Sony: Media Must Delete, Stop Publishing Hacked Data

Sony Pictures Entertainment Co-Chairman Amy Pascal poses at the premiere of "The Interview" in Los Angeles, December 11, 2014. REUTERS/Kevork Djansezian

In an attempt to stop the spread of nearly 100 terabytes of data stolen by hackers last month, Sony Pictures Entertainment, in a letter from its attorney, David Boies, warned several media outlets Sunday to stop publishing information gleaned from that data.

The Washington Post reports the letter was issued to several outlets, including The New York Times, Bloomberg, The Wall Street Journal, Variety, the Los Angeles Times and websites Re/Code and Gawker.

Some media outlets, most notably Gawker, have been ferociously reporting stories from a trove of data that hackers began to leak December 1. The data includes unreleased films, personal records of Sony employees and even aliases some Hollywood actors use for booking flights and hotel rooms. It also includes emails detailing no-holds-barred exchanges between top Sony executives and producers. The hackers have so far released eight waves of documents on sites like Pastebin and GitHub, a mere fraction of the nearly 100 terabytes of data they claim to have stolen.

The hackers, who call themselves "Guardians of Peace," have said they will continue to disseminate information stolen from Sony unless Sony agrees not to release The Interview, a comedy starring Seth Rogen and James Franco depicting fictional characters attempting to assassinate North Korean leader Kim Jong Un. This demand has led many to believe that the hackers are in the employ of North Korea, but the FBI has not established a link.

In the letter, posted online by Re/Code, Sony demanded that media outlets in possession of the stolen data "take all reasonable actions to prevent your company and any of your employees, independent contractors, agents, consultants, or anyone who may have access to your files from examining, copying, disseminating, distributing, publishing, downloading, uploading, or making any other use of the Stolen Information."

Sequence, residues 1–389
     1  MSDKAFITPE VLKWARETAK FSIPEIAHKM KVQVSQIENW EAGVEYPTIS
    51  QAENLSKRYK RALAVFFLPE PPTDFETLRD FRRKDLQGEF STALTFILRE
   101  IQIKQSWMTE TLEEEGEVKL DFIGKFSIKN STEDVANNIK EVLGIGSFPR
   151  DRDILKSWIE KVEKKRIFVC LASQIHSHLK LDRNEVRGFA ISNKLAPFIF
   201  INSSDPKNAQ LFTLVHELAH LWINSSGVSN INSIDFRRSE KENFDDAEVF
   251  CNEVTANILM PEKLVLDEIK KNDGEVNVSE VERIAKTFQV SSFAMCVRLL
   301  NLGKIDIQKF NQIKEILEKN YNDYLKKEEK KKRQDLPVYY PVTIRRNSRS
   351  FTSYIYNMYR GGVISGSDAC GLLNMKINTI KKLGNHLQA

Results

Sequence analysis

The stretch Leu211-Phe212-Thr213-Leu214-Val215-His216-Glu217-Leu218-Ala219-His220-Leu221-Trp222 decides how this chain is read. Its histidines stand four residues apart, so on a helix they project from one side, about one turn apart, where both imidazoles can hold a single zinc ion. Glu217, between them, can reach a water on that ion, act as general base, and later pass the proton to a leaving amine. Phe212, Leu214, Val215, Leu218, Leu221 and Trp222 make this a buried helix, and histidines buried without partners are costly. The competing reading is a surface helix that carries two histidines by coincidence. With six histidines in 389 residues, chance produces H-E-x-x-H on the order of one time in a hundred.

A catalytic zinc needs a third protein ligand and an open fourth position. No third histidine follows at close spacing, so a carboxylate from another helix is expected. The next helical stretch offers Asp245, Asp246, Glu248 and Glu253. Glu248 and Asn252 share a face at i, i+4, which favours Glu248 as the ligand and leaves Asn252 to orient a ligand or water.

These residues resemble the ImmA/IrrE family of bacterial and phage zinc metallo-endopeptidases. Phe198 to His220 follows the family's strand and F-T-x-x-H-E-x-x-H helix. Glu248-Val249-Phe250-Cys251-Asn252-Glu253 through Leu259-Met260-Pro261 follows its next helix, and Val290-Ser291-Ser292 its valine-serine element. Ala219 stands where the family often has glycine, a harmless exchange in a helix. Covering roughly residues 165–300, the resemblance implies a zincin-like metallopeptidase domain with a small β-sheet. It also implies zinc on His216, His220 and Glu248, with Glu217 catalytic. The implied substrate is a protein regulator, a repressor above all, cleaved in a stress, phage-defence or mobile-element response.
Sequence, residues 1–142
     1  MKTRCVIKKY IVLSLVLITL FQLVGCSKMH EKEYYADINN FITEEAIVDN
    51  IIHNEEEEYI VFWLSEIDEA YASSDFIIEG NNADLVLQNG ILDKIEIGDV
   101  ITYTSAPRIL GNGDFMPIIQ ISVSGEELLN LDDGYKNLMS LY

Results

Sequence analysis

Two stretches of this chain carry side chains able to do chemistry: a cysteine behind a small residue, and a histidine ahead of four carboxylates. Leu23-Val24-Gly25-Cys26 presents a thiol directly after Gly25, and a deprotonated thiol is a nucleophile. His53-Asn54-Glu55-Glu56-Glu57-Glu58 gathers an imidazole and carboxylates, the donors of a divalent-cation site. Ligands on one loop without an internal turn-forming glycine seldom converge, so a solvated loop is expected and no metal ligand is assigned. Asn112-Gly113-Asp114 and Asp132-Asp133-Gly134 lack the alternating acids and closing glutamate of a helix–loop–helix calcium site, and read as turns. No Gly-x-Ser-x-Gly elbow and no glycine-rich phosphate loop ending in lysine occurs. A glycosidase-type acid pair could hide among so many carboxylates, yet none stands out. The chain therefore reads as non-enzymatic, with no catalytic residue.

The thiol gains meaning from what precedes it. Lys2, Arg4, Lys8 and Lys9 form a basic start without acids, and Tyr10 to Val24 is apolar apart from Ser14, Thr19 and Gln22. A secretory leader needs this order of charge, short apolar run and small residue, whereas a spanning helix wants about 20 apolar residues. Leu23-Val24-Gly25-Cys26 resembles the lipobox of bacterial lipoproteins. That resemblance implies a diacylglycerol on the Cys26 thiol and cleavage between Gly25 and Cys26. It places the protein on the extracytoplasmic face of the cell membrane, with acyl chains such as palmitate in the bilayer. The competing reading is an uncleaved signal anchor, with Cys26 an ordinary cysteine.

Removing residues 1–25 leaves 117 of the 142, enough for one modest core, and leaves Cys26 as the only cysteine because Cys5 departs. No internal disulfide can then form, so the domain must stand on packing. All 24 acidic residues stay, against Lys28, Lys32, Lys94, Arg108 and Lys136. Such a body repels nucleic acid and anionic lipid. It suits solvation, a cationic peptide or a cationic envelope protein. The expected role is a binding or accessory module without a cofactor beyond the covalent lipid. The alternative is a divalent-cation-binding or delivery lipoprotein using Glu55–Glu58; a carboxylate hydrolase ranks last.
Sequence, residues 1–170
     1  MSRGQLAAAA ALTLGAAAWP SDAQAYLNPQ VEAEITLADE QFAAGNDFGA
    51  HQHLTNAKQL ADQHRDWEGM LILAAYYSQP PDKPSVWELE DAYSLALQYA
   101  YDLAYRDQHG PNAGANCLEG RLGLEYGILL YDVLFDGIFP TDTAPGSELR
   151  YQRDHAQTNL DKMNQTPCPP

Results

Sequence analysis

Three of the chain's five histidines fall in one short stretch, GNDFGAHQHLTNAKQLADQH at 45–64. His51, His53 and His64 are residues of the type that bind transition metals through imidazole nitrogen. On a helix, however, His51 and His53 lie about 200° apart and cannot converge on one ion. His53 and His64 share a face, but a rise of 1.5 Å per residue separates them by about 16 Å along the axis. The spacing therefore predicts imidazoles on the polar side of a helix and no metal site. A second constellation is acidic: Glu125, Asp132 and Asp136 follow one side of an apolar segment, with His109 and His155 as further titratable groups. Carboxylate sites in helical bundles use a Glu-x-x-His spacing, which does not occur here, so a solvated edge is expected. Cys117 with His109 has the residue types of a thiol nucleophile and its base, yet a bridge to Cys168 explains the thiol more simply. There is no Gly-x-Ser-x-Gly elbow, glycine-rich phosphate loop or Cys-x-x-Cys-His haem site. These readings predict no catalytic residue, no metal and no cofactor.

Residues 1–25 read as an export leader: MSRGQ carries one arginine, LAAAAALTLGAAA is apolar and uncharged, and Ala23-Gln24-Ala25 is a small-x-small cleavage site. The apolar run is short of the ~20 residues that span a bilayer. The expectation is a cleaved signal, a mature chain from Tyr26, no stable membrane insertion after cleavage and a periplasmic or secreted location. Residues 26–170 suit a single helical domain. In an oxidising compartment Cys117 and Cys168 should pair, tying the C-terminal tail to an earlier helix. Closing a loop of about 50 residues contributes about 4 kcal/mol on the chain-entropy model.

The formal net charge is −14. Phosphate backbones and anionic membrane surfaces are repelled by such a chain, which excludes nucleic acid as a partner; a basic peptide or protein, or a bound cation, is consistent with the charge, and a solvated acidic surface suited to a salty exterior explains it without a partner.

Sony further requested media outlets "arrange for and supervise the destruction of all copies of the Stolen Information in your possession."

George Freeman, executive director of the Media Law Resource Center, called Sony's demands "a stretch" in an interview with The Washington Post. Kurt Opsahl, deputy general counsel for the Electronic Frontier Foundation, told The New York Times that it was "unfortunate that Sony got hacked and lost control over its internal information. But the solution is not to muzzle the press."

Previously, Sony attempted to contain the spread of its data by directing denial of service attacks at file-sharing websites and flooding torrent sites with "bad seeds" designed to fool potential downloaders.